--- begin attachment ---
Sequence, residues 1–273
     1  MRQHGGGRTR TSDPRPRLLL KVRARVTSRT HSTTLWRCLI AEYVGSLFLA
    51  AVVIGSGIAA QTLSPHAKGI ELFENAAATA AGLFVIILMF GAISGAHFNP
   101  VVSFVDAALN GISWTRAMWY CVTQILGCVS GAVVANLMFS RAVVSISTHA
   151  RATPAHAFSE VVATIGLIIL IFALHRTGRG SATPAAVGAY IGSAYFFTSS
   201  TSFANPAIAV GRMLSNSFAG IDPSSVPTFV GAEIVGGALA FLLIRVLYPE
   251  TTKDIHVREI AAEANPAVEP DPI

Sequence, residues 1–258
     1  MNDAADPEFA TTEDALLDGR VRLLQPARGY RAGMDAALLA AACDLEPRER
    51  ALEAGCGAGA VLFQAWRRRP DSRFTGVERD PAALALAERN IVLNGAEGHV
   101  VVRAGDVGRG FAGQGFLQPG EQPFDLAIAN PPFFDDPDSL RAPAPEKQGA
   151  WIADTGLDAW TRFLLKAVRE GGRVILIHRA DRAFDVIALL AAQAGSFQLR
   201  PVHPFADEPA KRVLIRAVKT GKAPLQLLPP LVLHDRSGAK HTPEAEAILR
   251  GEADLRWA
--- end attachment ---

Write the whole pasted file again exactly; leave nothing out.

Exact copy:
Sequence, residues 1–273
     1  MRQHGGGRTR TSDPRPRLLL KVRARVTSRT HSTTLWRCLI AEYVGSLFLA
    51  AVVIGSGIAA QTLSPHAKGI ELFENAAATA AGLFVIILMF GAISGAHFNP
   101  VVSFVDAALN GISWTRAMWY CVTQILGCVS GAVVANLMFS RAVVSISTHA
   151  RATPAHAFSE VVATIGLIIL IFALHRTGRG SATPAAVGAY IGSAYFFTSS
   201  TSFANPAIAV GRMLSNSFAG IDPSSVPTFV GAEIVGGALA FLLIRVLYPE
   251  TTKDIHVREI AAEANPAVEP DPI

Sequence, residues 1–258
     1  MNDAADPEFA TTEDALLDGR VRLLQPARGY RAGMDAALLA AACDLEPRER
    51  ALEAGCGAGA VLFQAWRRRP DSRFTGVERD PAALALAERN IVLNGAEGHV
   101  VVRAGDVGRG FAGQGFLQPG EQPFDLAIAN PPFFDDPDSL RAPAPEKQGA
   151  WIADTGLDAW TRFLLKAVRE GGRVILIHRA DRAFDVIALL AAQAGSFQLR
   201  PVHPFADEPA KRVLIRAVKT GKAPLQLLPP LVLHDRSGAK HTPEAEAILR
   251  GEADLRWA